The Murder Of Mona Mather At Tyldesley, England, 1951 & The Hanging Of Jack Wright At Strangeways

Mona Mather was murdered by an ex-boyfriend who wanted revenge for the way she rejected him. The culprit was executed at Strangeways prison in July of 1951.

Murder of Mona Mather, Tyldesley
Mona Mathers house (left) and the location where her body was discovered at Wharton Hall Colliery

Mona Mather could scarcely have made a worse choice for a boyfriend when she started courting Jack Wright, a Tyldesley coal miner, during the summer of 1950. Gregarious and flighty, she flirted outrageously with anyone whenever she and Jack went out as a couple. Unknown to Mona she was playing with fire and asking to get burned.

On a cold, rainy autumn night later that year, while the couple were out strolling in a rainswept park, 28-year-old Mona spotted an old boyfriend and in an instant they began chatting away, oblivious to Jack who stood quietly at her side, unafforded the shelter of the umbrella which her re-acquainted friend was now sharing.

Eventually, Jack turned to Mona and complained, "Don't you think it's time we were getting back?" Without so much as a backward glance she replied, "Oh, you can go if you want, I'll catch up with you again." She wasn't to know about it, but Mona had just had a very lucky escape.

Six months after the episode in the rain, fate finally caught up with Mona Mather. The annual Easter fair - "the wakes" - was being held on Shakerley Common, Tyldesley, a small town west of Manchester.

Early on Saturday evening, April 7, 1951, Jack Wright met up with a few of his workmates and went out drinking, visiting several local pubs before finishing up at The George And Dragon at just before 10 pm. Jack had hardly settled down with a drink when he felt a tap on his shoulder and spun round to find himself face to face with the girl he had last seen laughing at him as he walked out of her life several months before.

Mona had left her home at Wharton Fold, Little Hulton, earlier that evening and was out with her brother Joe and his wife, having a few drinks before going on to the wakes. They had done the round of pubs in Tyldesley but Mona had failed to find a date to accompany her to the fair and, spotting Jack, she homed in at once.

Both had a fair bit to drink and when she asked Jack if he wanted to sleep with her tonight he forgot about the events of the past and nodded his head in agreement. Finishing their drinks, Jack and Mona set out for the fair together, leaving The George And Dragon at 10.25 pm, bidding goodnight to her brother and his wife who left them outside and made their own way to the fair.

They spent an hour or so on the various amusements and it was during one of the rides, as Jack caught sight of her laughing wildly, that he decided that tonight he would get his revenge.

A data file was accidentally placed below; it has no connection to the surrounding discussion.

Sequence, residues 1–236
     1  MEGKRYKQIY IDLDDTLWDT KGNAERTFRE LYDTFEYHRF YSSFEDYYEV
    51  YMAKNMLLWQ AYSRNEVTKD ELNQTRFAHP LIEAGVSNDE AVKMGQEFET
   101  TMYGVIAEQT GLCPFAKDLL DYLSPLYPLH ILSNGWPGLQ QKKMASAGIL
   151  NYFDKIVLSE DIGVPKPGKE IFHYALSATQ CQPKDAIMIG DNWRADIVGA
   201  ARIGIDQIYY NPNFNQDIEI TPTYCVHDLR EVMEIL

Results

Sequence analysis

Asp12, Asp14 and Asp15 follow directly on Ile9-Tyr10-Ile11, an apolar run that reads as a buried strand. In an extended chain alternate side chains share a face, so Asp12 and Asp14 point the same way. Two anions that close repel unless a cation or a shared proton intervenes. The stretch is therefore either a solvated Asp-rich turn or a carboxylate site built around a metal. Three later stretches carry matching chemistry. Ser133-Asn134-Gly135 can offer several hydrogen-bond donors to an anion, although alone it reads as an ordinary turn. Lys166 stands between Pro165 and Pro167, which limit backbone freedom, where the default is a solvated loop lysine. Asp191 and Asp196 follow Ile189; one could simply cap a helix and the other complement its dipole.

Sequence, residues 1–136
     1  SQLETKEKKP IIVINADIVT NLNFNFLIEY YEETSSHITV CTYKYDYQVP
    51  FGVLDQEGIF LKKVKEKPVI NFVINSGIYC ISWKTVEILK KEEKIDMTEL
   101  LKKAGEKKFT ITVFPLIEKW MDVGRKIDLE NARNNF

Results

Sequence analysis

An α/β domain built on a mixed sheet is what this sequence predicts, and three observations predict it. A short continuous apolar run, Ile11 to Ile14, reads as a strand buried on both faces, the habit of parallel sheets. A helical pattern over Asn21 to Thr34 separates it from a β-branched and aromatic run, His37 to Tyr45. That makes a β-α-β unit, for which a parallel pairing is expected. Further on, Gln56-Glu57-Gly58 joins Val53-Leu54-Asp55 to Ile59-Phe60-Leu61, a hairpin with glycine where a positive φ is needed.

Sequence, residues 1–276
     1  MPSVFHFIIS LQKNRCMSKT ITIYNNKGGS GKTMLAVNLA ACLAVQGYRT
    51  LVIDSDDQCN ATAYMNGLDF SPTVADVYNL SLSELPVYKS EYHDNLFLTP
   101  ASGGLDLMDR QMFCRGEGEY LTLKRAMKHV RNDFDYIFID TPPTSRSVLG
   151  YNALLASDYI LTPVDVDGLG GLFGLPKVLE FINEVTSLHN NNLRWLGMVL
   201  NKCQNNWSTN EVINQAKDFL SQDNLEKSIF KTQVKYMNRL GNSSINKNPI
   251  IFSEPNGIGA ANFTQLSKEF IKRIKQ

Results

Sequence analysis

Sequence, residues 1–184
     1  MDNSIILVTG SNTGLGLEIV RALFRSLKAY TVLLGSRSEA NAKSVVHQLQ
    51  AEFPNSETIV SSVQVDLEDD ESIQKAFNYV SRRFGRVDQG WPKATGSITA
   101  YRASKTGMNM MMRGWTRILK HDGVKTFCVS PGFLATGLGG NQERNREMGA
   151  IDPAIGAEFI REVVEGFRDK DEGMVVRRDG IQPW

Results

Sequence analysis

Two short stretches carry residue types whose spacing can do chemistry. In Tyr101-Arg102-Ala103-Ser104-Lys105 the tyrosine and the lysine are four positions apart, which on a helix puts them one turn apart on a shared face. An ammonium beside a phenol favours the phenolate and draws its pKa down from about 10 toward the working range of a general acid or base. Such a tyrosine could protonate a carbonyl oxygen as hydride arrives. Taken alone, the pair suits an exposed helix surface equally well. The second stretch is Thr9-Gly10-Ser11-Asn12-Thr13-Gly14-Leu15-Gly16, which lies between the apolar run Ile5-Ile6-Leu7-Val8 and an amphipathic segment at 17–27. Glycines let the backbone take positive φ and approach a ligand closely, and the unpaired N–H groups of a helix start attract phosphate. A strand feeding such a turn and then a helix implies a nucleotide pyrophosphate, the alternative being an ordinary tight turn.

With midnight fast approaching, he asked her if she would like him to walk her home. Mona slipped her arm through his, smiled, and said "Yes, please." As they left the fair they were spotted by one of Jack's workmates, Matthew Weir, who shouted across at him, "Well, Jackie, I didn't know you were courting!" Jack looked across and replied "No. This is one I have picked up!"

They walked for the best part of half an hour; along the common, past a brickworks, and over a railway footbridge before turning onto a path that led alongside the Wharton Hall Colliery pumping station situated close to the Tyldesley and Little Hulton border. They stopped against a fence and began to kiss. Mona closed her eyes as his powerful hands held her close. Suddenly he reached up to her neck and squeezed it tightly.

Seconds later, as she slumped almost lifeless against him, he heard voices coming down the nearby footpath. Silently he stood in the shadows as a young couple strolled by almost within touching distance.

Satisfying himself that the coast was clear, he carried her sagging body into the field beside the colliery and set about the task, taking his time, almost relishing the thrill of the kill. Kneeling over her, Jack pulled off the white silk scarf Mona had draped over her coat and knotted it tightly around her neck.

Certain that she was now dead, he took off her coat and threw it over the lifeless body, taking a last look around before disappearing into the night. He then went home and ate a large supper before retiring to bed.

At six the next morning, 43-year-old Fred Broad finished his shift at Wharton colliery and headed home across the field. Crossing the path that dissected the waste ground adjacent to the pit, Fred noticed a strange bundle on the ground, and curiosity caused him to take a closer look. Moments later he found himself staring down at the body of a woman; her grotesquely distorted features left him in no doubt she was dead, so he rushed off to inform the police of his gruesome discovery.